Authors of accepted pieces will be asked to provide material for accessibility purposes at a later time and/or consulted in the preparation of these components (e.g., alternative text for images).
We are looking for submissions that cover a variety of topics. Some examples of different forms and content could include, but are NOT limited, to the following:
• A co-created series of photos/drawings reflecting on experiences of Mad student community, with brief accompanying stories/captions;
• A photo of a sculpture or collage based on your experiences with Mad student organizing;
• A brief article on a Mad student initiative (e.g., a description of how, as a group of students, you came together, what you sought to accomplish, and what this meant to those involved);
• A comic strip / graphic telling of a Mad student initiative you participated in;
• A critique of a student mental health or curriculum initiative;
• A poem on what you would like educators to learn from your experiences of Mad student organizing/community; and/or
• A short fictional story about on how you hope Mad student organizing will have impacted campus approaches to madness/neurodiversity by the year 2050.
• For additional ideas, check out Mad Pride Hamilton’s (Canada) “Mad Student” edition of This Insane Life zine.
Please note that the examples provided here are intended to offer a starting point for submission concepts. Submissions do not need to adhere to these themes or specific mediums.
Timelines and Submission Instructions
• May 1, 2021: Deadline for zine submissions
• June 15, 2021: Zine team correspondence with contributors (indication of whether the piece is accepted for publication, any editorial feedback)
• July 15, 2021: Final confirmation from authors prior to publication
• Summer-Fall 2021: Open-access zine published and circulated
• Please submit your work through this online Submission Form.
• In addition to uploading your submission, you’ll be asked to:
o Provide a brief bio of up to 100 words (written in the third person) including the name under which you would like to be published (e.g., all or part of your name, a penname, a group name, or ‘anonymous’).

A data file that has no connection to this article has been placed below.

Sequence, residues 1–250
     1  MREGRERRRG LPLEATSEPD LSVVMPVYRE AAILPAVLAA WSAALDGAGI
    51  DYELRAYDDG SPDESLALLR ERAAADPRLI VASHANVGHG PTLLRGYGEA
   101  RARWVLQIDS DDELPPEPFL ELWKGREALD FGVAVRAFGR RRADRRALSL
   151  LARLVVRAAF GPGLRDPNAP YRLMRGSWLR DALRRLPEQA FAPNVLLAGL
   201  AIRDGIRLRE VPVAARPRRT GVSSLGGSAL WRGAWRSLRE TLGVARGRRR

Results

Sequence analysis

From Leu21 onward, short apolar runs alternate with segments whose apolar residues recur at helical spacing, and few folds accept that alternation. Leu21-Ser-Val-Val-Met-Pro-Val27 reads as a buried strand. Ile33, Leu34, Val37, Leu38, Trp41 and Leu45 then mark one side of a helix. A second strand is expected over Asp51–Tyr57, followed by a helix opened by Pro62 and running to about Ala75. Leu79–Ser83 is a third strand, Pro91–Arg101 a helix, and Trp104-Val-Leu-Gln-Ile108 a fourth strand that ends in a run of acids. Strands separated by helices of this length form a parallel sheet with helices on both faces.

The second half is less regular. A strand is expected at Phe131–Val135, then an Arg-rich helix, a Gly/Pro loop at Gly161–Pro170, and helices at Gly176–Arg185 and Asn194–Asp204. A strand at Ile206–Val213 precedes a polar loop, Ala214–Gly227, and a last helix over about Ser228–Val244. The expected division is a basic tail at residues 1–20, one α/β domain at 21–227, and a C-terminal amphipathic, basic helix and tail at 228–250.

o Complete a brief author form (e.g., indicating the country(ies) where you attended college/university and are currently living, email address for contact purposes, etc.)
• File formats:
o Please submit visual media as a .jpg, .png, or other non-proprietary image format.
o Any audio-based media (e.g., YouTube videos) can be submitted by a QR Code that can be printed in the zine.
o We cannot accept physical art pieces – please provide either pictures or a scan of the work in one of the formats described above.
o Please submit text-based pieces as either a .docx or .rtf file.
Project Collaborators and Contact Information
Contact the Zine Team at firstname.lastname@example.org with any questions, to chat through initial ideas and whether they would fit within the scope of the zine, and to tell us you’re out there (!) so we can connect Mad student initiatives.
• McMaster University (Canada): Alise de Bie, Vikita Mehta, Dani Pryke, Evonne Syed, Tanisha Warrier, Emunah Woolf
• Gent University (Belgium): Lieve Carette
• Asylum Magazine (UK)
• MadZine Team (UK): Helen Spandler, Jill Anderson
• Ontario Peer Development Initiative (Canada): Tina Behdinan Alise de Bie, Marina Mikhail
• National Educational Association of Disabled Students (Canada): Kayti Baur, Brady Kroeker
The Zine Team will be conducting some research on the ways in which the zine might support learning and teaching in universities and colleges.
We are grateful for financial support provided by McMaster University:
• MacPherson Institute’s Student Partners Program
• Student Success Centre’s Career Access Professional Services Program (CAPS)
• Arts Research Board